I’ve got my eye on you…

where_the_wild_things_are_ver2Those who follow film may have read that this summer – the season that matters to studios at the box office –  has been more profitable than that of 2008.

What gets swept under the rug in this announcement is the fact that there were more 3-D films released this year (4) than last (1), thus taking on an extra $3 to ticket prices, and that there were actually fewer people attending films that last year. In fact, there has not been a boost in attendance since 2004.

There was also no runaway “The Dark Knight” smash that seemed to cause everyone to pour into the theaters, only a few solid blockbusters followed by a number of smaller releases that performed better than expected.

Who knows what it all means in the grand scheme of cinema, but one thing is clear: viewers are becoming much more selective about the films they opt to see, selecting films that matter to them, not necessarily bandwagon jumping (though it could be argued that is the only reason “Transformers” exists at all).

So, as the season shifts to its more prestige pictures (plus a sprinkling of potential holiday blockbusters), I am offering a list of 10 films to keep your eye on in the months ahead for the finicky film-goer. This is not an endorsement of any of these pictures, but instead a compilation of those mainstream releases that are currently receiving the most buzz on the internet and festival circuit before making a big splash in local theaters.

In chronological order:

  • Where the Wild Things Are”: (Oct. 16) Maurice Sendak’s gloriously simple (but not simplistic) children’s book is brought to life by the imagination of director Spike Jonze (“Being John Malkovich,” “Adaptation”). Eschewing CGI for real feathers and fur monsters, “Wild Things” has a tangible warmth that is seen in the incredibly stirring trailers that stirs both nostalgia and wonder.
  • Men_Who_Stare_at_GoatsThe Men Who Stare at Goats”: (Nov. 6) It looks like a Coen Brothers movie, it sounds like a Coen Brothers movie, it’s even cast like a Coen Brothers movie (with “O Brother Where Art Thou’s” George Clooney as the lead and Jeff Bridges in full “Big Lebowski” Dude mode). But this based-on-a-true-story tale manages to glide along with its own style and looks like one worth climbing aboard.
  • christmas_carolA Christmas Carol”: (Nov. 6) Robert Zemeckis continues to bathe audiences in the warm glow of a computerized yule log, hopping from “The Polar Express” to this beloved holiday fable. Jim Carrey takes on the misery Scrooge role, as well as the visiting apparitions that populate his home over the course of Christmas Eve in this animated retelling.
  • roadThe Road”: (Nov. 25) Cormac McCarthy helped lead Javier Bardem and the Coen Brothers to Oscar glory with “No Country for Old Men” and his bleak vision serves as a template for more potential awards. Viggo Mortensen stars as a man determined to protect his family in a harsh post-apocalyptic landscape. The film has been bumped more than once on release calendars, which typically not a great sign, bt the film’s pedigree demands attention.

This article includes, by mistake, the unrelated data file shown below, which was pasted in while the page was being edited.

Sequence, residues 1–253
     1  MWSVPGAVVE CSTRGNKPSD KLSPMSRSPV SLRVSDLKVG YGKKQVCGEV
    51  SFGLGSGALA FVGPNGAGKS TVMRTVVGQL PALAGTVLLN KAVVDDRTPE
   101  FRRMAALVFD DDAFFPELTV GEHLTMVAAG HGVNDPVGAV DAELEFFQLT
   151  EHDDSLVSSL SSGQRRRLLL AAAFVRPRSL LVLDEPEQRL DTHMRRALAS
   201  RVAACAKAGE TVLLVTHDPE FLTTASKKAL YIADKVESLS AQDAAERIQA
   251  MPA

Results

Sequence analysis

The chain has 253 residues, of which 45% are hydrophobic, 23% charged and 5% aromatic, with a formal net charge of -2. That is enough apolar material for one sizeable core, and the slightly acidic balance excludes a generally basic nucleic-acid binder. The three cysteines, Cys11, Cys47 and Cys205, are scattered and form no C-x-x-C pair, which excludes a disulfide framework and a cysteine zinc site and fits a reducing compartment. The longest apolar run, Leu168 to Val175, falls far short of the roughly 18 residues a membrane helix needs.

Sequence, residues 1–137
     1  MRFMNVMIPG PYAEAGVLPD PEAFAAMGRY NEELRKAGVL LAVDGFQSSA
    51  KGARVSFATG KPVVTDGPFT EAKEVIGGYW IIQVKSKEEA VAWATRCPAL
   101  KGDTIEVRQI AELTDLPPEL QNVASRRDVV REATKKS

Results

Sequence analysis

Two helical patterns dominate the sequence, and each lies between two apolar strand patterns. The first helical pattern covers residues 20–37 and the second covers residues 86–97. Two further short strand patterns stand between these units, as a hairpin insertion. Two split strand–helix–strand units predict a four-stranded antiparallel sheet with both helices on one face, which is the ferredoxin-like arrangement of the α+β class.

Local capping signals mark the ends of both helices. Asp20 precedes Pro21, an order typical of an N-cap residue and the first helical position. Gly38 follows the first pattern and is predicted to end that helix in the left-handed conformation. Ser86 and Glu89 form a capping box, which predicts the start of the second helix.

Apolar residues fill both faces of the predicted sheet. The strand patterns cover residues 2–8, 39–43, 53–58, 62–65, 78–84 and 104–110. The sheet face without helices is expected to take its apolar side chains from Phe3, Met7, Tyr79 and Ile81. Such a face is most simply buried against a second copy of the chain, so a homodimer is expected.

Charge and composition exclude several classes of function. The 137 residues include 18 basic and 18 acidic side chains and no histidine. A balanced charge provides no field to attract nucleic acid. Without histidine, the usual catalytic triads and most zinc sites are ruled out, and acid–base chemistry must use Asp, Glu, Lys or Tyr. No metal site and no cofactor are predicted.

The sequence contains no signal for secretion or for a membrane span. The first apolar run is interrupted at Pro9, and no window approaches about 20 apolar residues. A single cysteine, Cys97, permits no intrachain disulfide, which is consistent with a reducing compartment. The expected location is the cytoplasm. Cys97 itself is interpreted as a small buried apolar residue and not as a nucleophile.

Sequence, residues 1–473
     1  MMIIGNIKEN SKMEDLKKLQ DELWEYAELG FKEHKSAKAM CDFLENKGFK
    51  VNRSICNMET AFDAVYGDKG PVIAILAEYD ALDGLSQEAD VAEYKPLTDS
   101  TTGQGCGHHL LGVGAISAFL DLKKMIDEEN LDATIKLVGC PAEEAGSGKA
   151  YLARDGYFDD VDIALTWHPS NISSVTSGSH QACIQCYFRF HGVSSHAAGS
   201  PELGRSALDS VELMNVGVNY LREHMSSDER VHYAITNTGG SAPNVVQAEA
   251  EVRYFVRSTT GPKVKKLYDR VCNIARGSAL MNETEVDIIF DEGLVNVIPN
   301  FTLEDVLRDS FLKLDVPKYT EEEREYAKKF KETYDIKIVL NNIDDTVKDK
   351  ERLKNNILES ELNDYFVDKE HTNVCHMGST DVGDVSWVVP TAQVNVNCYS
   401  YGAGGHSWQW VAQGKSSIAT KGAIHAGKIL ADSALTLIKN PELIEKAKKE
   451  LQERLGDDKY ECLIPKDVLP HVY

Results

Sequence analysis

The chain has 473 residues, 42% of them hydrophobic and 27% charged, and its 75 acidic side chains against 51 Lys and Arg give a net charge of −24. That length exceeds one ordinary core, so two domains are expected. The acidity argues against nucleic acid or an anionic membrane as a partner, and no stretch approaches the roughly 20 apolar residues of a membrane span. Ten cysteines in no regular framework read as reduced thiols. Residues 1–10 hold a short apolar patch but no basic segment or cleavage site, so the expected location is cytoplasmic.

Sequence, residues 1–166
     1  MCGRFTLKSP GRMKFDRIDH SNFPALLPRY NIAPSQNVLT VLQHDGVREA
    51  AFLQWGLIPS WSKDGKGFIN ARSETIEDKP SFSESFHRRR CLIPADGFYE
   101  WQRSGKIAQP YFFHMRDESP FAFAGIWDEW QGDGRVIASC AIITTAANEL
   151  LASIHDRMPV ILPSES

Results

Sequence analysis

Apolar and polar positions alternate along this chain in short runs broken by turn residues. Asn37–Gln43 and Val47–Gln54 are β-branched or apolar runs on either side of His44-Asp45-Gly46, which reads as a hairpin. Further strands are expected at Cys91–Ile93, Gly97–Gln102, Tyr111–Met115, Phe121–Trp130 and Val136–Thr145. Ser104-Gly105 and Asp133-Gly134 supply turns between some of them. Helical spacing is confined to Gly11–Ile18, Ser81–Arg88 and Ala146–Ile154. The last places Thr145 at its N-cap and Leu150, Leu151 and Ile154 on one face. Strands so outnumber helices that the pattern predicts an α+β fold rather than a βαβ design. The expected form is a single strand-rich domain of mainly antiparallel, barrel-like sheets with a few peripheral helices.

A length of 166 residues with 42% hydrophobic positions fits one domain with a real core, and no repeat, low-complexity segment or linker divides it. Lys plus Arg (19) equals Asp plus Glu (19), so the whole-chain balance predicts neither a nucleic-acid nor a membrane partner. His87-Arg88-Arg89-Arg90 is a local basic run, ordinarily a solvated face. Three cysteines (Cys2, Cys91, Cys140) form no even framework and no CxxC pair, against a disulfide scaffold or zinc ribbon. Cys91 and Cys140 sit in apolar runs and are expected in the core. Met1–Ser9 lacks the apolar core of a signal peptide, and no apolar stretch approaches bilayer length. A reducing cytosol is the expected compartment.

• upintheairUp in the Air”: (Nov. 25) George Clooney’s third film scheduled for release (if you count his voicework for the animated “The Fantastic Mr. Fox”) is rumored to be the one to lead him to award nominations. Jason Reitman (of “Juno” fame) directs this adult dramedy of a man whose job is to dump employees and who finds out he is about to become “downsized” himself. Vera Fermiga co-stars as the female version of Clooney’s character.
  • nineNine”: (Nov. 25) Five words: A musical with Daniel Day-Lewis. Perhaps that is six words, but whatever. Rob (“Chicago”) Marshall adapts the Broadway tale of a director struggling to juggle all the ladies in his life (wife, mother, muse and mistress). This one beats heavily with prestige, as Marion Coutillard, Nicole Kidman, Penelope Cruz, Judi Dench and Sophia Loren all co-star. And regardless of your feeling toward musicals, any screen return of Day-Lewis is cause for attention.
  • princesss and frogThe Princess and the Frog”: (Dec. 11) Cornering the market on all things princess-themed, Disney goes retro with a traditionally animated retelling of “The Frog Prince,” only this time with its first black princess. The update relocates the action to 1920s New Orleans, and to help with the move, Disney has enlisted some talent who specialize in heavy lifting: the directors of the blockbusters “The Little Mermaid” and “Aladdin.”
  • The Lovely Bones”: (Dec. 11) Peter Jackson breaks his habit for Hobbits and returns to more intimate filmmaking that earned him such acclaim in “Heavenly Creatures.” He recreates for the screen author Alice Sebold’s best-seller of a girl who watches over her family and struggles with feelings of vengeance and healing.
  • avatarAvatar”: (Dec. 18) And speaking of computer generated images, James Cameron comes back to direct his first film in more than a decade with the promise of reinventing how we watch movies. Years in the making, and arriving with a healthy price tag (at last count, more than $200 million), Avatar has many a hope riding on it. And for those who may doubt, jettison back in the memory banks to 1997, when the masses who laughed at a pricey film about a boat, and iceberg and an ending that everyone knew.
  • sherlockSherlock Holmes”: (Dec. 25) Robert Downey Jr. takes a trip to Baker Street, with Jude Law in tow as his charge, Watson. Guy Ritchie breaks from documenting the fast-talking, London crime syndicate switching to epic mode with the oft-filmed supersleuth.

~ by usesoapfilm on September 17, 2009.

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